These assumptions left me with three options: underseat bags (designed specifically for recumbents), side panniers for a rear rack, and bags to go on top of the rear rack.  I decided to skip the bag on top of the rear rack if at all possible so I could use that spot for lightweight and odd shaped things.   This configuration of panniers keeps the gear weight as low to the ground as possible and spreads the weight out over 2/3 the length of the bicycle which will (hopefully) ease the stress on the individual tires and rims/spokes.

Bike - Rear With BagsThe internet is a great resouce for information;  I found opinions, both good and bad, about almost every bag out there.  Everyone’s opinion is valid for their needs and particular situation.  After looking over many (many, many, many) comments I finally narrowed my selection down to Arkel brand bags designed for recumbents: RT-40 panniers for under the seat and RT-60 panniers for the sides of the rear rack.  This brand seems to receive lots of good reviews and has been used by people for long distance trips.

  • Cons:
    1. the bags are a bit on the heavy side: both sets with rain covers weigh in at 13.9 pounds (weighed on my digital scales)
    2. priced on the high end of available panniers unles you can find them on something like Craigslist, eBay, or something similar (I was fortunate), but you generally get what you pay for
    3. the underseat bags require a special rack made by TerraCycle (all underseat bags require some type of special underseat rack
  • Pros:
    1. 6,100 cubic inch storage (3,650 rear, 2,450 underseat)
    2. made from a heavy grade of water repellent canvas material
    3. heavy duty quality zippers
    4. larger zippers have ‘rain flaps’ covering them up, smaller zippers have a water repellent coating
    5. utilize an adjustable locking system to attach to the carry racks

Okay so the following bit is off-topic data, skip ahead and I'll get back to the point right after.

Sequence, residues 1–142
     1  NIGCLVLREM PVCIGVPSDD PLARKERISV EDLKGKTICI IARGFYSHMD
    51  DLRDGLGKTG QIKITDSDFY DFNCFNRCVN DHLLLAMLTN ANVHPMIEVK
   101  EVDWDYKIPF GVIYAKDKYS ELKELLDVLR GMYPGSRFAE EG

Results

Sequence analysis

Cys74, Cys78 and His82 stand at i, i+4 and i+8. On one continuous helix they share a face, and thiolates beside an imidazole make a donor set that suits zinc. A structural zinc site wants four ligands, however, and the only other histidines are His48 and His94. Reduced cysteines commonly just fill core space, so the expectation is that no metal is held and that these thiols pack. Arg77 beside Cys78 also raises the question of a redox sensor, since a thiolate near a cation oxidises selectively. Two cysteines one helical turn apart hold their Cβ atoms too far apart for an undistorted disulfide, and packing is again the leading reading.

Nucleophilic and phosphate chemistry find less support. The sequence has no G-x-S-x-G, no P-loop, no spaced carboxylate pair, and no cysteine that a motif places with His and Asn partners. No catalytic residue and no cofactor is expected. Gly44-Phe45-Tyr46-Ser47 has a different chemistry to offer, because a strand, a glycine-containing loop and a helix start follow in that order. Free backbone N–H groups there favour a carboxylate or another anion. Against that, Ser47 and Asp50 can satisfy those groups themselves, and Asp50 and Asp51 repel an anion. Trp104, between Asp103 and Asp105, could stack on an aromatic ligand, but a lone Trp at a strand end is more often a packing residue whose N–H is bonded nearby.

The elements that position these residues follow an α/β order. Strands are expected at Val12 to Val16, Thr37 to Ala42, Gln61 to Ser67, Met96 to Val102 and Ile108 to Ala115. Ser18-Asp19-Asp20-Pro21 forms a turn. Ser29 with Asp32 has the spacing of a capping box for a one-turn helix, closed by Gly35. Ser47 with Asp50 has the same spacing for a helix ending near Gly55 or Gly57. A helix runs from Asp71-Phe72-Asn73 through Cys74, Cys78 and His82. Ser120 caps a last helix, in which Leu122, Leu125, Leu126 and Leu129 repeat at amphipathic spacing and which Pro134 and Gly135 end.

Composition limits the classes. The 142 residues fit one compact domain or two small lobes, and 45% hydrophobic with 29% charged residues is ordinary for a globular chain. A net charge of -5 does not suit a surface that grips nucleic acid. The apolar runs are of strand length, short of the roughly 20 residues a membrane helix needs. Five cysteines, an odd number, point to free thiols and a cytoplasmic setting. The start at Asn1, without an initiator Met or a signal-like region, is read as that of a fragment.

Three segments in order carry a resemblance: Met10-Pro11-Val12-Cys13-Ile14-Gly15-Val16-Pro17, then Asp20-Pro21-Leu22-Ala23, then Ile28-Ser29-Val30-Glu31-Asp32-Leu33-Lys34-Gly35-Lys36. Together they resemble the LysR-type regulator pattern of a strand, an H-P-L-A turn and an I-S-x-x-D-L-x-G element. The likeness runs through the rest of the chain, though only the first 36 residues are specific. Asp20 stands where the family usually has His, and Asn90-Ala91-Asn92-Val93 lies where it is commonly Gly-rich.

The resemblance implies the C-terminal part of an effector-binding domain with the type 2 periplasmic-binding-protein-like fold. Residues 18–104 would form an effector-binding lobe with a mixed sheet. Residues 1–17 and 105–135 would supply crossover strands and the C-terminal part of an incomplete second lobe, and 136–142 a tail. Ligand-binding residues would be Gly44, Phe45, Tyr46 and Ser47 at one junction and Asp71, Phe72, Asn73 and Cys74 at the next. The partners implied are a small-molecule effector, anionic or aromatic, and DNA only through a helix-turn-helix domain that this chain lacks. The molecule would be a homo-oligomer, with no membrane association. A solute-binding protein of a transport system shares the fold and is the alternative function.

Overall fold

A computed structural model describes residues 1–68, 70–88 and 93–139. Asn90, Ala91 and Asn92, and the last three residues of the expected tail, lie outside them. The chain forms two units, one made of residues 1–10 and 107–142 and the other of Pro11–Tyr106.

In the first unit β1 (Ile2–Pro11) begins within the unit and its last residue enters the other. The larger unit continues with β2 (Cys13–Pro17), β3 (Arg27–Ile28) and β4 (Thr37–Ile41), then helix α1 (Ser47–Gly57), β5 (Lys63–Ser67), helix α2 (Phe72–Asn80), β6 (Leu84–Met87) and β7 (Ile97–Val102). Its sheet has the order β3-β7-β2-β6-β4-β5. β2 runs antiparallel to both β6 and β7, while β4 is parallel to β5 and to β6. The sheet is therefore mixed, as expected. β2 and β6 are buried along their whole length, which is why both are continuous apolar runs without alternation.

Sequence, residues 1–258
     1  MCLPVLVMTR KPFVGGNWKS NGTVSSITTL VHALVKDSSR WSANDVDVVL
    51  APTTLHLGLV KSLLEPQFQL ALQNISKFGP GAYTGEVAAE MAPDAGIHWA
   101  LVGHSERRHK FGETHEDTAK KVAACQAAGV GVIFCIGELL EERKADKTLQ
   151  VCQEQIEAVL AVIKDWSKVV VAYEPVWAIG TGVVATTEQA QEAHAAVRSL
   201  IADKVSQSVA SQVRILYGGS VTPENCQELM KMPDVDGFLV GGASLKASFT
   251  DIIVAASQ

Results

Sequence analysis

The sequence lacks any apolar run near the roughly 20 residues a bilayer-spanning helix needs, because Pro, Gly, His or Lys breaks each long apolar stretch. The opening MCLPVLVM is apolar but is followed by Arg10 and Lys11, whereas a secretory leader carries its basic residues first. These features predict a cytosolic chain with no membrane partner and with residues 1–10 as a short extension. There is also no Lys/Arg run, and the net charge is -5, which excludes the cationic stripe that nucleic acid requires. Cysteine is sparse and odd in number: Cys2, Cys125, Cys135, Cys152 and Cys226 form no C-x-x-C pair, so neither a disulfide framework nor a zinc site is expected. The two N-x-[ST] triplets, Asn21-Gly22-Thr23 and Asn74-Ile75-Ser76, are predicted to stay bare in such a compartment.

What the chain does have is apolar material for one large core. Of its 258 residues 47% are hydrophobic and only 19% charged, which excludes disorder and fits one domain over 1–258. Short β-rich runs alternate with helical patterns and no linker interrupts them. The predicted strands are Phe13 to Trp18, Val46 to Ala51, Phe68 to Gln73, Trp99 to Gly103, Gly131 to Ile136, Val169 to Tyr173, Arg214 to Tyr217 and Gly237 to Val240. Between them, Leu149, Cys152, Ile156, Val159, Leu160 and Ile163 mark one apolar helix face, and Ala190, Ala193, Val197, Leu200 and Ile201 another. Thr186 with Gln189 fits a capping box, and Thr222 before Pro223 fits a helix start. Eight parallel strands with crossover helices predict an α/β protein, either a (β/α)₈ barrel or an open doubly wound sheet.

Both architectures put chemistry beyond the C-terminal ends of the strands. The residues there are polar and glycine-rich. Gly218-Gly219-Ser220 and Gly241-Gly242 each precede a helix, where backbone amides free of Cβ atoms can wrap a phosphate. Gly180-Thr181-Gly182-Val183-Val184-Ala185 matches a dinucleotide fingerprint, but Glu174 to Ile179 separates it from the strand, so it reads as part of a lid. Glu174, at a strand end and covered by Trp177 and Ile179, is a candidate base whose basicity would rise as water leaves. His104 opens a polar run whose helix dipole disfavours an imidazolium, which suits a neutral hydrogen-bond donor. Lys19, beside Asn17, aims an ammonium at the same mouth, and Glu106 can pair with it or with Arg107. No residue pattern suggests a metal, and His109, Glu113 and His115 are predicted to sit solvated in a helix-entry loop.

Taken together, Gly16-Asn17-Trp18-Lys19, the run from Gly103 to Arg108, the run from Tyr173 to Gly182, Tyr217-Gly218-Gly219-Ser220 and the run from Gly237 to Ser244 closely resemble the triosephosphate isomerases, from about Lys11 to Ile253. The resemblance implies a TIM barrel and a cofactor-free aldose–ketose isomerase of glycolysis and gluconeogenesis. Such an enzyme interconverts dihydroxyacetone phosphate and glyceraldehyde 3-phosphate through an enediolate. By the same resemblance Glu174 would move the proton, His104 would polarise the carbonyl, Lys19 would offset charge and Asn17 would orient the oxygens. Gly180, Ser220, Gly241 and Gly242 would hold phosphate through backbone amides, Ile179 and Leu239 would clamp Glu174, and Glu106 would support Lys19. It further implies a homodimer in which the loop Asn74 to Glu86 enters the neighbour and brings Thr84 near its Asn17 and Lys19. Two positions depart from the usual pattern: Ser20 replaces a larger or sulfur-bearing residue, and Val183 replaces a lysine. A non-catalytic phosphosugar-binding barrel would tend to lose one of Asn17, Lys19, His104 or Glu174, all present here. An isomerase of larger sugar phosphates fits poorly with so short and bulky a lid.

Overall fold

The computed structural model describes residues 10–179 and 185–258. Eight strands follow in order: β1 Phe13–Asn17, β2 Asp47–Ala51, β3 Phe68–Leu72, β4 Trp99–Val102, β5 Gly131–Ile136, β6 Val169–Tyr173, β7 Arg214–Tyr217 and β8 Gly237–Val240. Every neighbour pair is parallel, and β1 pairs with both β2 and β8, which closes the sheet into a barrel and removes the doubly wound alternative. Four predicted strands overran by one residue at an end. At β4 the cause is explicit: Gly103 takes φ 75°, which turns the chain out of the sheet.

6. made with multiple pockets to separate ‘stuff’
    7. inside straps to secure gear to minimize ‘fall out’ when opening bags
    8. inside support rods to keep the bags supported whether closed or open
    9. multiple mesh outside pockets to carry wet ‘items’
    10. rear tubes on the RT60s for carrying additional items
    11. optional rain covers
    12. the bags ‘breathe’, so if the gear does get wet the moisture can evaporate which should prevent/minimize mold and mildew

Me With The Bike & BagsThe bags seem to be made very well.  There doesn’t seem to be any raw material edges to fray, the various zipper sizes seem more than appropriate for the compartment sizes, and the larger compartment have double zipper pulls.  The material is not quite the bright yellow seen on Arkel’s website.  Rather it is more yellow/orange; I didn’t find it objectionable, it just isn’t a bright safety yellow.  The combination of ‘yellow’ and reflective material should provide an additional warning flag to motorists.  All in all, I am looking forward to loading the bags up and trying them out.

The panniers are about 1000 cubic inches larger than needed, but this should allow me the opportunity to pack without cramming.  I also hope to remove the rear tubes, thus saving ~11 ounces.  It would have been nice if the rear tube attchments were on the tubes instead of the bags so as to save some additional weight when removed.  The multiple storage pockets should allow me easy access so I don’t have to dig to the bottom of a large, one compartment, pannier.  Also, by having some extra space I plan on putting heavier items lower to the ground, thus improving overall bicycling stability.

Time will tell whether or not I made the right decision, yes, time will tell.

Note Added 10/22/2013: This summer I did a 3,600 mile bicycle ride using these panniers. I elected to leave the rear tubes home. I also left the rain covers at home and packed each group of items in lightweight Sea-to-Summit dry sacks. The bags were ‘water resistant’, even in some steady rains even though the bags themselves did get wet. Arkel has a very good product in these bags, and they held up very well; other than some general dirt and wear marks they bags are as solid today as they were before the trip. Would I by them again: yes I would.

Bacchetta Big Bag

Rear BagRear Bag – Since the bike didn’t come with a rear rack I purchased the Big Bag, an accessory designed for the Bacchetta re-curved seat.  It slips over the top of the seat and has two straps that clip in place around the seat rear support posts. The bag has a handle that allows it to be carried around.

Note added: I have not particularly cared for this bag.  The top of the seat has a slight curve to it which puts the bag zipper and top in tension.  As a result, the top doesn’t open fully and the inside pouch is somewhat difficult to get into.

Another downside to this bag is that it covers up the top of the seat.  At this point I am considering getting a head/neck rest and will need the opening to mount the unit.

Bottom line:  Would I buy this bag again.  No!  Not because the bag is not well made, rather, the bag does not suit my overall needs.

See the later post on the Topeak rear rack and bag.